Freshly picked. Crisp cool cucumbers. Photo - Vlad Siaber/Shutterstock.com
Cucumbers are such a versatile vegetable with so many uses - sliced, grated, in salads and soups. Crisp. Crunch. Cool!
With the heat of summer creeping up on us, the crisp cooling texture of cucumbers is essential in every salad or salad sandwich.
What could taste more fresh or rewarding than a home grown cucumber sandwich after a hot day's work in the garden? Alternatively this high yielding crop can be harvested while young and pickled. Cucumbers have been cultivated for centuries, and records date back to 2000BC in Mesopotamia. In Australia cucumbers date back to the first fleet, they were grown by the Reverend Richard Johnson in Sydney during the late 1700s.
Cucumbers are fairly easy to grow from seed, and can be sown directly into garden beds if desired. They can be grown horizontally as a ground cover, but we think for best results they should be grown vertically as a climber. Providing a support for the cucumbers to grow up reduces the risk of fungal infections and also encourages straighter fruit.
'Black spine' - just rub the little spines off with a tea towel before bringing them into the kitchen. Photo - Linda Ross
Plant seeds in Spring when soil temperatures start to increase, your garden bed should be well prepared with manure etc. With a dibbler or your finger make holes 1-2cm deep in mounds which are 50cm apart, drop 4-5 seeds in each hole.Once seeds have germinated thin out seedlings to leave the strongest 2-3 from each hole. Sow seeds every 2-3 weeks throughout spring to extend your cropping season.
Select a position with well drained soil which receives sun for most of the day. Include some support such as lattice, or tepee structure we like to use. If you are growing in a raised garden bed, plant your Cucumbers on the edge so they can trail down the sides.
Ensure good flower pollination by attracting bees with blue flowers. Photo - Andrey Shtanko/Shutterstock.com
Flowers are bright yellow and soft to touch, they closely resemble those of Pumpkin and Zucchini. Cucumbers have both male and female flowers, you can identify the female flowers by the swollen ovary at the base.Try to encourage Bees to your Cucumber patch as they are essential in pollinating the female flowers which will ensure the development of fruit.
Once each plant gets to the top of the support structure, pinch out the growing tips to encourage branching. Cucumbers will thrive in warm weather, and they will need plenty of food to keep them going.
Dress the soil with a good controlled release fertilizer such as Rooster Booster and apply a liquid fertilizer like Harvest or Potash every few weeks to ensure maximum yield. Your plants will be growing so vigorously they may need some help using the provided support. Lift any scrambling vines and guide them up on to the Structure.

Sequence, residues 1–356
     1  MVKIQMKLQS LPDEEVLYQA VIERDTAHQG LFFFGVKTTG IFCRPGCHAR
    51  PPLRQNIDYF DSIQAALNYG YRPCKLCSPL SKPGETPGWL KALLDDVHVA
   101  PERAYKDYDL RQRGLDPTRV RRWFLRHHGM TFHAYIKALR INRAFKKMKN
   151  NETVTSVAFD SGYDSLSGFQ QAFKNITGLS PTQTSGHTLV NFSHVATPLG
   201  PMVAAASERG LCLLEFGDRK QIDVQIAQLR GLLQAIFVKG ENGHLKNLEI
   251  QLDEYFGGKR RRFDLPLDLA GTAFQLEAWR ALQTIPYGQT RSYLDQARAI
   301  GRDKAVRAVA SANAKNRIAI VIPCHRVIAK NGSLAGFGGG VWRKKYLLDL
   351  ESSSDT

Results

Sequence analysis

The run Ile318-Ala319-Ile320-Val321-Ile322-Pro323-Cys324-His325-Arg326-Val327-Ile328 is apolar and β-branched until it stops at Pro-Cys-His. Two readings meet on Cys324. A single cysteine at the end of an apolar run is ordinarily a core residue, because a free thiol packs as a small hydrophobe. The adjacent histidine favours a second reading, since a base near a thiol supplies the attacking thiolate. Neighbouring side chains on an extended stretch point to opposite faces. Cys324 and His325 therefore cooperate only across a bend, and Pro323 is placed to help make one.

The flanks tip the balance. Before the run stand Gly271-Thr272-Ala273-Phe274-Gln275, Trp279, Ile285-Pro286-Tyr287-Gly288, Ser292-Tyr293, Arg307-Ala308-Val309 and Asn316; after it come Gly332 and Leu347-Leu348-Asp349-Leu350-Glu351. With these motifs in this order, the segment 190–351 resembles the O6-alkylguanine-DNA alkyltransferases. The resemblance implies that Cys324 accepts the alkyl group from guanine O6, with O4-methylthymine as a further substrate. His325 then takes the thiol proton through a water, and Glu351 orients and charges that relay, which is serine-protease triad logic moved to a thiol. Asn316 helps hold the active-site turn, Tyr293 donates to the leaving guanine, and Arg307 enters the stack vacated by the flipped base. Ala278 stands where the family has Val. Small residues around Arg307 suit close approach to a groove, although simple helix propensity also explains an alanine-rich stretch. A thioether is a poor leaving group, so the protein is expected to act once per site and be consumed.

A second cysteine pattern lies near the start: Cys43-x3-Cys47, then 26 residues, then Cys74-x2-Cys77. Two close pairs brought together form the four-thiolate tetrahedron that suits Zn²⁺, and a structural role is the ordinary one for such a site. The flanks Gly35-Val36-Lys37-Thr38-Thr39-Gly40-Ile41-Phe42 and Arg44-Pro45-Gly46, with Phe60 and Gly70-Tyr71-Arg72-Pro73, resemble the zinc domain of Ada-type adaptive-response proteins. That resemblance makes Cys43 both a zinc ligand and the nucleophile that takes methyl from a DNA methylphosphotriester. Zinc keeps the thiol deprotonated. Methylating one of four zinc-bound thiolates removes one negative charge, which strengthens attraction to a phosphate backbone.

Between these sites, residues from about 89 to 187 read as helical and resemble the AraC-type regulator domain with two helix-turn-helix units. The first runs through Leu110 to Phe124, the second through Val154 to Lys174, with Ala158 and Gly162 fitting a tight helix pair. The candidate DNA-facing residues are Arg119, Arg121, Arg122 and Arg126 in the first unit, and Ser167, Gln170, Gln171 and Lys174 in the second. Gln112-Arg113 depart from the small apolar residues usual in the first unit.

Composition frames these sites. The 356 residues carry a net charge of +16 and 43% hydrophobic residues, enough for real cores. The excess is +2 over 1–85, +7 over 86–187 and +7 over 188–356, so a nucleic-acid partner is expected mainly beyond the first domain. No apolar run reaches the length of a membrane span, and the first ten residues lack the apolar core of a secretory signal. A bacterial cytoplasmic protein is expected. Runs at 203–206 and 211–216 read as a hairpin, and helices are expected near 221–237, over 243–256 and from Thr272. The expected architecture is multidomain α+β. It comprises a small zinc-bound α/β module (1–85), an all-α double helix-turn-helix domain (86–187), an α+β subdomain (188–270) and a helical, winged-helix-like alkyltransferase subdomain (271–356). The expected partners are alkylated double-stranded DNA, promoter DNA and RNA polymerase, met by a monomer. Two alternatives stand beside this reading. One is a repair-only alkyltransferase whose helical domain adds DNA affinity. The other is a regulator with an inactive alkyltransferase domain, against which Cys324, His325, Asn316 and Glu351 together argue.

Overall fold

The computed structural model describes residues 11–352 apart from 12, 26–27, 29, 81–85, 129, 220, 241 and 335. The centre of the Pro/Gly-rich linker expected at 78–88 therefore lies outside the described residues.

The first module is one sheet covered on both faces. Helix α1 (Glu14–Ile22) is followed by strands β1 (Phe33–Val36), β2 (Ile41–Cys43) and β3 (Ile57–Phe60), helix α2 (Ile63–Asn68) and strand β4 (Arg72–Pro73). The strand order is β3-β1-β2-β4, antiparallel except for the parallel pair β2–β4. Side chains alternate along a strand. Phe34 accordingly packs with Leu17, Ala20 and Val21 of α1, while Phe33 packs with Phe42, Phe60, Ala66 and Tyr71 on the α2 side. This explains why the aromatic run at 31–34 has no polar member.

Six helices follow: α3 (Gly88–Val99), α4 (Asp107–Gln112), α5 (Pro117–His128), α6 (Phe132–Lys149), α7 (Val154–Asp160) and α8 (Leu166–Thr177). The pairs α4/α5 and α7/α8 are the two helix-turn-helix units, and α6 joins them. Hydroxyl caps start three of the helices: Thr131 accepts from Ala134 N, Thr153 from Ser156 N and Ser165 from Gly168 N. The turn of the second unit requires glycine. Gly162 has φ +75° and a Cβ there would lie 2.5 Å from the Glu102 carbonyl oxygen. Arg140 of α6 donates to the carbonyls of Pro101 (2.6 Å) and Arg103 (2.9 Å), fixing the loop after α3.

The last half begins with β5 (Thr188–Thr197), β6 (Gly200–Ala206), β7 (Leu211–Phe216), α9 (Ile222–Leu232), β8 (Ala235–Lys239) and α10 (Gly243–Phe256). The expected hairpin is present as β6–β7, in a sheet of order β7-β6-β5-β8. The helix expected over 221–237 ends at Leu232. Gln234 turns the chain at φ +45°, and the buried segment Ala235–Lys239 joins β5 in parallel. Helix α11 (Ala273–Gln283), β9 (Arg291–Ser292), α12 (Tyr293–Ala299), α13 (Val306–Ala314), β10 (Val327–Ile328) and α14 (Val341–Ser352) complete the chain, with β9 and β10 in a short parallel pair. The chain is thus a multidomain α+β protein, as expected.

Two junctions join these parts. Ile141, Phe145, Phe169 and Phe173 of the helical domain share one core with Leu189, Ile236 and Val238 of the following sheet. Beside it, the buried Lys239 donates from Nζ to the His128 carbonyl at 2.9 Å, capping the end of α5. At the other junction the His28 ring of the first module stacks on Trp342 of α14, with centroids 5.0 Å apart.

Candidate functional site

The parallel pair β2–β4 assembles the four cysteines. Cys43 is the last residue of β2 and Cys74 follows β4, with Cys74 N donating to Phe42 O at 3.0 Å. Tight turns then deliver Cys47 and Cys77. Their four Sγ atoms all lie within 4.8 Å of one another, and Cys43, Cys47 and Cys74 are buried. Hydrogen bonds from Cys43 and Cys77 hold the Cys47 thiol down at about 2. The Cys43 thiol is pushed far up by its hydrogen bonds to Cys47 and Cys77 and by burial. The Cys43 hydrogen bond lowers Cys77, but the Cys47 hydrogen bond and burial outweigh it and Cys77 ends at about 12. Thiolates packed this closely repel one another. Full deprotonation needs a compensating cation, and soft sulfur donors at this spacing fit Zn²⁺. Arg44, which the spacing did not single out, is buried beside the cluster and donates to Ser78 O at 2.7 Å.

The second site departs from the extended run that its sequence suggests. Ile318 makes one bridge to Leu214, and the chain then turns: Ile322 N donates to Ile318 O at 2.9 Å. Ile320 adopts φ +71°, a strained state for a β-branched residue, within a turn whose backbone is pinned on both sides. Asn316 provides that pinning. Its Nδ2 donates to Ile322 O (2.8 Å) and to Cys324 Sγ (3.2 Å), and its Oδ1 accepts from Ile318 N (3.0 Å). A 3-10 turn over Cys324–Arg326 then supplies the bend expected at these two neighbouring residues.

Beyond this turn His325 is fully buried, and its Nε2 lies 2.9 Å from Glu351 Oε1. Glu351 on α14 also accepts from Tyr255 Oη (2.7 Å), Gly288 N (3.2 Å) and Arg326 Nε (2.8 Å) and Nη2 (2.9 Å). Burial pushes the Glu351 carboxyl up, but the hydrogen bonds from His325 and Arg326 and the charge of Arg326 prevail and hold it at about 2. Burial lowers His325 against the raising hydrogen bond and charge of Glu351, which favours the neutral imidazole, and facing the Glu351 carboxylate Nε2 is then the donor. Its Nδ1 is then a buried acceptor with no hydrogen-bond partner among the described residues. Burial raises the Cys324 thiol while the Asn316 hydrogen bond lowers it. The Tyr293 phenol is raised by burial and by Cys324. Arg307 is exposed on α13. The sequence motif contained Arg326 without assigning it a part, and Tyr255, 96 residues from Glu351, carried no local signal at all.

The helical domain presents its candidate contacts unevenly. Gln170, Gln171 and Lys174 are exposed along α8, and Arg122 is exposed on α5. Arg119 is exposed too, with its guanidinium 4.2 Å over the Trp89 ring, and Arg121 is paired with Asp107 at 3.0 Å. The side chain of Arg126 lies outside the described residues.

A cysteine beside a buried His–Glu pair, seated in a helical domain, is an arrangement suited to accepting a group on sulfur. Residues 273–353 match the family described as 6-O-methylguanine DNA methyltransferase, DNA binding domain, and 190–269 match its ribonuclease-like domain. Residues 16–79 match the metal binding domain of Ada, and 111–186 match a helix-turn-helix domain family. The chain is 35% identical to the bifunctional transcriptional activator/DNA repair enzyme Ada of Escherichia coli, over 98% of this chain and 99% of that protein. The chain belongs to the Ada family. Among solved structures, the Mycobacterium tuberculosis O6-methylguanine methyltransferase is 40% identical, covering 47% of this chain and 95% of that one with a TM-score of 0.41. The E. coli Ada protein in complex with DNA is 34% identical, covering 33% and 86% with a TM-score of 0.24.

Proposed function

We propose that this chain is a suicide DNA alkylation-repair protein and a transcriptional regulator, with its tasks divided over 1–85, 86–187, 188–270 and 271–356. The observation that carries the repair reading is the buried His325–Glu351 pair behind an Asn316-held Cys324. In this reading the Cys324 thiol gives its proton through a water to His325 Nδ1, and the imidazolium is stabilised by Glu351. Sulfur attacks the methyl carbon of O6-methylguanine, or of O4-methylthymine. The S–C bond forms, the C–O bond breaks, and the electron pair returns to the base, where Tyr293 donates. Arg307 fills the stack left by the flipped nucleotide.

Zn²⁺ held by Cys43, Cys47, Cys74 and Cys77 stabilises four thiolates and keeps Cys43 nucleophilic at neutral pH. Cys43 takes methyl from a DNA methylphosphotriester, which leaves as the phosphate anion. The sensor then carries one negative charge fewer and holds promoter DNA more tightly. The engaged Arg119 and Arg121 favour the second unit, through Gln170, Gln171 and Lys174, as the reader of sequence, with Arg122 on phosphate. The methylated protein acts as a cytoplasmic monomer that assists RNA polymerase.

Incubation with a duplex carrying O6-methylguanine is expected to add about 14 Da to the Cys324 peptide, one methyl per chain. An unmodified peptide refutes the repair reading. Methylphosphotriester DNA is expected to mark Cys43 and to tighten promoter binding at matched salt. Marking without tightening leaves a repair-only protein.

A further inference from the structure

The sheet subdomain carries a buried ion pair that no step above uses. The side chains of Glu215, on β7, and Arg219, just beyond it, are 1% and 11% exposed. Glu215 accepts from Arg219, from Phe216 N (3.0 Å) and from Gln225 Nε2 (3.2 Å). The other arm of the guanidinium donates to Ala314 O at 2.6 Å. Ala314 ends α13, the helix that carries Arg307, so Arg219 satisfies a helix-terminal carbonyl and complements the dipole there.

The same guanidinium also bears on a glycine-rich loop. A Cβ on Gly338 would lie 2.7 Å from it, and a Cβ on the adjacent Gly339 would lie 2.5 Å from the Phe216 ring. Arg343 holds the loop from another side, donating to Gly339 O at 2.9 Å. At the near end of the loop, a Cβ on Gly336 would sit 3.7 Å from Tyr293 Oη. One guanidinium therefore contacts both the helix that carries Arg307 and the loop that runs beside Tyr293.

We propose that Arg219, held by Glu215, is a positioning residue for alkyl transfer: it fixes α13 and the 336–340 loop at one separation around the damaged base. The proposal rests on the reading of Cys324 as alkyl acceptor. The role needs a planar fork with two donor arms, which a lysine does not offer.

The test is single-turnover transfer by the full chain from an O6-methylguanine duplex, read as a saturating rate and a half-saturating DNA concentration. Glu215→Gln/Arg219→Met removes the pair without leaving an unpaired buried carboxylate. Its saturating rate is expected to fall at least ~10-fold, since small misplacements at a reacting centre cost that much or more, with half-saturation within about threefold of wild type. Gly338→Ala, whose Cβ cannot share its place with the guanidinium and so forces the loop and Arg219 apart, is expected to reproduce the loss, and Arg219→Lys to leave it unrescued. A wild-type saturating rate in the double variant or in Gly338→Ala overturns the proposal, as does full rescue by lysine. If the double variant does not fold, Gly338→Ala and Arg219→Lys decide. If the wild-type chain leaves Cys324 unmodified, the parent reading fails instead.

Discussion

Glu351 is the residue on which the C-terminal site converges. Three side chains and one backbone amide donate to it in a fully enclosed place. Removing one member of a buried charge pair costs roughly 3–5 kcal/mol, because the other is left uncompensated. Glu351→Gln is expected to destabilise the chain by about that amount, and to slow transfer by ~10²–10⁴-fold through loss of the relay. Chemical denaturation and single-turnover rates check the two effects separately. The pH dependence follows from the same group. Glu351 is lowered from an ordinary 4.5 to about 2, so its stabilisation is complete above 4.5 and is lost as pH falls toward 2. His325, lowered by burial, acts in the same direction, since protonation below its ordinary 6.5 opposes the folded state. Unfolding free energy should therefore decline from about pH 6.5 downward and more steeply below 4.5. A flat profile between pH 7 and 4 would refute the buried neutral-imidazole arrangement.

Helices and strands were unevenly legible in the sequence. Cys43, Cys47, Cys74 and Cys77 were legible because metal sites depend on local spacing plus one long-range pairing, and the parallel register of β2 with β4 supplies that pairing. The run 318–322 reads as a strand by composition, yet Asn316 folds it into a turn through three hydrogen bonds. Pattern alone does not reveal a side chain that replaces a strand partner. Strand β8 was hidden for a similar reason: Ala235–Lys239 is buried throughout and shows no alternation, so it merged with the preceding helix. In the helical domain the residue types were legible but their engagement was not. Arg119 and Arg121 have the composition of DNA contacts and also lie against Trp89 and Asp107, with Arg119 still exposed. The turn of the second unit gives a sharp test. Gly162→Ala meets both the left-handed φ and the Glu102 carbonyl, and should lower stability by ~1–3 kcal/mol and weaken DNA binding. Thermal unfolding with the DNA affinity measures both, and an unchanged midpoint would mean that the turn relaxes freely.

Pick your cucumbers as soon as they are ripe, usually around 15-20cm long depending on the variety. Don't wait until the cucumbers are supermarket size
as they probably wont taste as nice.
Fruit should be picked as soon as it is ripe this will encourage the plant to produce new fruit.
Pickling cucumbers can be harvested when they are over 5cm in length.
Photo - Ievgenia Tkach/Shutterstock.com
This year we are growing:
'White Spine' Oblong shaped fruit with smooth white skin, good flavour.
'Long White' White fruit to 18cm in length, non acidic.
'Lebanese' A common supermarket variety, quality fruit and very productive.
'Double Yield' Can produce over 17kg per plant!
Other favourite varieties include
'German Pickling' A compact spreading vine, can be harvested young for pickling, or at 20cm to eat fresh.
'Crystal Apple' A compact cucumber which produces a high yield of cream coloured apple shaped fruit
'Mini White' Produces an abundance of white, 10cm fruit.
'Space Master' Nice and compact, won't take over the garden!
We love growing a range of white cucumbers 'White Spine' and 'Long White'. Photo - Linda Ross
Pests and Diseases
Cucumbers are not just tasty to you and I, there are a number of pests who enjoy a munch also. Aphids, whitefly and red spider mite can be prevented by spraying Eco-Oil. Set beer traps to catch those pesky slugs and snails. Protect against leaf fungal diseases such as powdery mildew by spraying with Eco-Fungicide.
Tips and Tricks
* Make sure soil is rich by adding manure, Blood & Bone, well aged compost before hand.
* Plant into mounds about 15cm high.
* Guide young plants of the ground and onto support.
* Pinch out growing tips to encourage branching.
* Pick ripe fruit early to promote new fruit
* Grow in the shade of corn or sunflowers, also grow well with beans and peas.
Text: Linda Ross
About this articleDate: 25 April 2015 Author: Linda Ross
Phone: 1300 133 100
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